The focus of the project was the 2nd day of the Battle of Gettysburg, but the area saw thousands of years of occupation before the battle of Gettysburg. Pre-contact Native American artifacts were also an important factor in this investigation, as they might be affected by the fire in a different manner than Civil War artifacts. Therefore, shovel test pits were conducted to locate potential pre-contact artifacts in addition to artifacts associated with the battle.
To locate artifacts associated with the battle, NRAP and 15 volunteers used metal detectors to survey the designated transects. Although sometimes used during archeological projects, visitors are not allowed to metal detect in National Parks. Archeologists use metal detectors only when specific research questions have been identified, a plan made, and metal detectors established as the most useful tool for the project. In the case of battlefields, metal detectors are extremely helpful; they can quickly identify artifacts associated with the battle in question and cover large areas without unnecessarily disturbing unrelated land.
Unless you are part of an official archeology project, metal detecting on National Parks is considered a violation of ARPA—it is disturbing archeological resources. Although you cannot independently metal detect on a National Park, there is a way some can get involved—volunteering! Sometimes a project needs help from outside experts. No one person can conduct a large scale archeology project. Expert and vetted professional archeologists from the Advanced Metal Detecting for Archaeologists volunteered on the Little Round Top project! Without the wonderful volunteers, the project could not have been completed.
During the pre-burn metal detecting, Civil War artifacts were identified. The archeologists and volunteers recovered small arms ammunition from the smoothbore muskets, rifle muskets, and pistols used during the confrontation, and artillery related objects like shell fragments, case fragments, shot balls, fuses, shell plugs, canister shot, and 2 twelve pound cannon balls! How neat!
A sample of these artifacts were dug up, photographed, mapped, analyzed, and then reburied.
April 10th 2017, the prescribed burn consumed greater than 90% of grasses and thatch, 50% of vine species, and 50% of top kill of the saplings and shrubs on Little Round Top. The moment of truth—what happened to the artifacts?!?!
But What Does it Mean?: Using Archeology to Answer our Questions
After the burn, volunteers again surveyed the area for surface objects and re-metal detected the designated transects. The reburied artifacts were re-uncovered and taken to the lab to be assessed. In the lab, the artifacts were cleaned and identified. They were analyzed for cracking, sooting, and melting. Artifact weight changes, dimension changes, and color changes were also measured. Did the fire effect the artifacts? A verdict was determined.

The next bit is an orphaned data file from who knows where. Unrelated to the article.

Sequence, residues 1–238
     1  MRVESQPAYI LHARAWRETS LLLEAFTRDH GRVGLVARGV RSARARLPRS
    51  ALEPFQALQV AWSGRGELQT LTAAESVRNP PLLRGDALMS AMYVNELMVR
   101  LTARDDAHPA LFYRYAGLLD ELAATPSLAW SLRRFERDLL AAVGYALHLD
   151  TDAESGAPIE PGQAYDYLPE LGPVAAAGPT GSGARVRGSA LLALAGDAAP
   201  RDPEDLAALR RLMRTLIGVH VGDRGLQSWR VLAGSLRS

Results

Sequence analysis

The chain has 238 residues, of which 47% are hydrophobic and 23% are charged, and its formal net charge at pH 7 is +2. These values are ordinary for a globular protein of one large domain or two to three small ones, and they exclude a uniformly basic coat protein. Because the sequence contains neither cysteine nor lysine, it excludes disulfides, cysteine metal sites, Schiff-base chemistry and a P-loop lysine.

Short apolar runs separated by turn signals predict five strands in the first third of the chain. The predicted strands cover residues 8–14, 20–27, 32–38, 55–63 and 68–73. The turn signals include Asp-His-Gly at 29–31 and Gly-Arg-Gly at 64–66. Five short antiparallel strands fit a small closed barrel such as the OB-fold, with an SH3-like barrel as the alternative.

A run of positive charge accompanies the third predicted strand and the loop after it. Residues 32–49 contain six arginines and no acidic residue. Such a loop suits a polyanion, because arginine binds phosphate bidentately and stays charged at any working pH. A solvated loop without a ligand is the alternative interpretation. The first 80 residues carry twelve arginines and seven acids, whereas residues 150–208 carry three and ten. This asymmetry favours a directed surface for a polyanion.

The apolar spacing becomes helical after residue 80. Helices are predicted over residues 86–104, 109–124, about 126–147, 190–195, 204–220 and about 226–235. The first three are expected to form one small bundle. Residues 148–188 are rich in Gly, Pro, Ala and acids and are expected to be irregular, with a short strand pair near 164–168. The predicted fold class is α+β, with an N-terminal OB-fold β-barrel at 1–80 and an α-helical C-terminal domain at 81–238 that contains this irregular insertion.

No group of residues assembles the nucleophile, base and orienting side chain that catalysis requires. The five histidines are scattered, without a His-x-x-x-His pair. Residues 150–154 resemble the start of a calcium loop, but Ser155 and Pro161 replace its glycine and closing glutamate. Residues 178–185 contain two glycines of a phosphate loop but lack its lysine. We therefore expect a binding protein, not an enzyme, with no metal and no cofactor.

Civil War military objects showed no signs of cracking, sooting, or melting! Archeologists concluded that they were all buried deep enough that the fire did not have an effect, even in the most intensely burned areas. The only objects harmed were modern items dropped by tourists. The project proved that burns typically do not damage Civil War military artifacts in the Northeast and uncovered a wealth of associated artifacts for Gettysburg National Military Park!
Get these Artifacts Out of My Lab!: Conclusion and Next Steps
When the Northeast Region Archeology Program performs archeology, it is always to protect the resources and/or learn more about our country’s past. During projects, NRAP always follows best practices and performs ethical archeology in the pursuit of managing and protecting our cultural resources. We research, “to identify, evaluate, document, register, and establish other basic information about cultural resources,” plan, “to ensure that this information is well integrated into management processes for making decisions and setting priorities,” and act as stewards, to ensure that our resources, “are preserved, protected, and interpreted to the public.” (Directive 28)
Archeology— it’s a process! Now you’ve gotten a glimpse into the world of NRAP— why and how we get shovels in the ground.
Fieldwork is only the first step. After all the planning, surveying, digging, and testing, what happens to the artifacts? Where do they go? How are they used? We will answer these questions and more next week when the Northeast Museum Services Center explains how these artifacts go from shovel… to shelf!
Desjardin, Thomas A. Stand Firm Ye Boys from Maine: The 20th Maine and the Gettysburg Campaign. Oxford University Press, 2009.
Dukes, Joel. Personal interview. 18 December 2018.
Eicher, David J. The Longest Night: A Military History of the Civil War. New York: Simon & Schuster, 2001.
GettysburgNPS. “Little Round Top Prescribed Fire.” YouTube, YouTube, 21 Apr. 2017, www.youtube.com/watch?v=lKy_j3VCq_E.
Haskell, Franklin Aretas. The Battle of Gettysburg. 1864.
Jacobs, M. Notes on the Rebel Invasion of Maryland and Pennsylvania and the Battle of Gettysburg, July 1st, 2d and 3d, 1863. Times Print. House, 1909.
“NPS Office of Policy: NPS-28, Cultural Resource Management (Introduction).” National Parks Service, U.S. Department of the Interior, www.nps.gov/parkhistory/online_books/nps28/28intro.htm.
Pfanz, Harry W. Gettysburg – The Second Day. The University of North Carolina Press, 1998.
“Successful Prescribed Burn Completed at Little Round Top (U.S. National Park Service).” National Parks Service, U.S. Department of the Interior, www.nps.gov/articles/successful-prescribed-burn-completed-at-little-round-top.htm.